US Civil Rights Movement This Powerpoint is hosted on www.worldofteaching.com Please visit for 100’s more free powerpoints Original by J. Aaron Collins Edited by Mrs. Gould
Civil Rights Defined Civil Rights refers to the rights of citizens to political and social freedom and equality. Civil rights means that people have the right to be treated the same regardless of their race, gender, or religion. These rights are law in the United States and many other nations. Civil rights are guaranteed by law to every U.S. citizen now, it was not always this way and took many years to achieve.
The Laws • The Fourteenth Amendment guaranteed all citizens with equal protection under the law. • The Fifteenth Amendment said the right to vote shall not be denied on the basis of race.
However. . . • The Supreme Court decided in Plessy vs. Fergusonthat separate institutions are okay if they are equal. • Jim Crow laws required that Blacks have separate facilities.
NAACP • Founded in 1909 by W.E.B. Dubois • Fought for equality
NAACP fought in the courts • Thurgood Marshall was hired by the NAACP to argue in the Supreme Court against school segregation. He won. • He was later the 1st Black Supreme Court Justice.
The Fight • Many African Americans and whites risked their lives and lost their lives to remedy this situation. • Rosa Parks was not the first, but she was the beginning of something special.
Montgomery Bus Boycott, 1955 Rosa Parks was arrested for violating the Segregation laws of Montgomery, Alabama.
In Response. . . • For over a year, Blacks boycotted the buses. • They carpooled and walked through all weather conditions
While the NAACP fought in the courts, MLK’s organization led the boycott. http://www.africanaonline.com/Graphic/rosa_parks_bus.gif
King’s sacrifice • King was arrested thirty times in his 38 year life. • His house was bombed or nearly bombed several times • Death threats constantly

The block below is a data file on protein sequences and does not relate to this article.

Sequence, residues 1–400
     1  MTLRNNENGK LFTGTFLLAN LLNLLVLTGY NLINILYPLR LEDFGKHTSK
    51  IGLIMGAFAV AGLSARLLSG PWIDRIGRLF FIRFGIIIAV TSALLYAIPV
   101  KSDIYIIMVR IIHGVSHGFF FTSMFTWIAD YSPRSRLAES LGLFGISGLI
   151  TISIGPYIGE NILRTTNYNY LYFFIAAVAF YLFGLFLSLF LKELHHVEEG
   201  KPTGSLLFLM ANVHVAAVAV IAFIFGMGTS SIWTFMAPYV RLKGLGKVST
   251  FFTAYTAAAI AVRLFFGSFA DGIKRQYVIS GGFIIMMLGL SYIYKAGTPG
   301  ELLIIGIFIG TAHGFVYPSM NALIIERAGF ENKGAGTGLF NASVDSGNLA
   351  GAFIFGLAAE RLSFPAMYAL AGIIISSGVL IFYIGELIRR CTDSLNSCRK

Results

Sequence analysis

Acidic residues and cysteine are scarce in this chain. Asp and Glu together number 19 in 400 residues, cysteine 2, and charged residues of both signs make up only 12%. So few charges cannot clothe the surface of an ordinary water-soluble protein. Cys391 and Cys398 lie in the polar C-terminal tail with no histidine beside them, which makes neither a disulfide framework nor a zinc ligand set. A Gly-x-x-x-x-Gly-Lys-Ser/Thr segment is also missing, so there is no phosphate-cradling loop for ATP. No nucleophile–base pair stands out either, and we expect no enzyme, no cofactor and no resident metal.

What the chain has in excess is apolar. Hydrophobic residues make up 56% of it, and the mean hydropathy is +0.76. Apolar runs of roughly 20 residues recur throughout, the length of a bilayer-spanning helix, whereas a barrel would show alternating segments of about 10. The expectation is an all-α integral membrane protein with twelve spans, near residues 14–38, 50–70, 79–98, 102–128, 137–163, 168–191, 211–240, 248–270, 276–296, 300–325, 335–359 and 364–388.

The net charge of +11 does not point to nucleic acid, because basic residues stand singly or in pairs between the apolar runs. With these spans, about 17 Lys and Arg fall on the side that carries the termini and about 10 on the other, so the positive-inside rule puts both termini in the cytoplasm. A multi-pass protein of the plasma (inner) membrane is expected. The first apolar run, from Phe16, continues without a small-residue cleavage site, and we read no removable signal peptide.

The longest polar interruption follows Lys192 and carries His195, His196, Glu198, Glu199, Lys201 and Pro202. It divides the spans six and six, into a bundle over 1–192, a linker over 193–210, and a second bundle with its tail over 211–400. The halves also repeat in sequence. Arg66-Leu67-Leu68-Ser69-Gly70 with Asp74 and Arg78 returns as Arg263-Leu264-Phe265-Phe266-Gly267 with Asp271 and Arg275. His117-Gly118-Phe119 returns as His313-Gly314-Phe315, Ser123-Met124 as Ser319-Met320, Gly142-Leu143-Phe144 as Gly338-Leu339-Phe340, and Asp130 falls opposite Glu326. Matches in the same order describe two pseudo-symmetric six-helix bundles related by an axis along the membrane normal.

Sit ins This was in Greensboro, North Carolina
Sit-in Tactics • Dress in your Sunday best. • Be respectful to employees and police. • Do not resist arrest! • Do not fight back! • Remember, journalists are everywhere!
Other students were ready to take your place if you had a class to attend.
Not only were there sit-ins. . • Swim ins (beaches, pools) • Kneel ins (churches) • Drive ins (at motels) • Study-ins (universities)
March on Washington 1963 • President Kennedy was pushing for a civil rights bill. • To show support, 500,000 African Americans went to Washington D.C.
School Integration • The attitude of many schools after the 1954 Brown decision was like: Come Make Me!
Federalism • When Federal troops are sent to make states follow federal laws, this struggle for power is called federalism. • The Civil Rights Movement was mostly getting the federal government to make state governments follow federal law.
James Meredith, attending University of Mississippi, escorted to class by U.S. marshals and troops. Oct. 2, 1962.
Police use dogs to quell civil unrest in Birmingham, Ala. in May of 1963. Birmingham's police commissioner "Bull" Connor also allowed fire hoses to be turned on young civil rights demonstrators.
Birmingham • “White America” saw 500 kids get arrested and attacked with dogs. • There was much support now for civil rights legislation.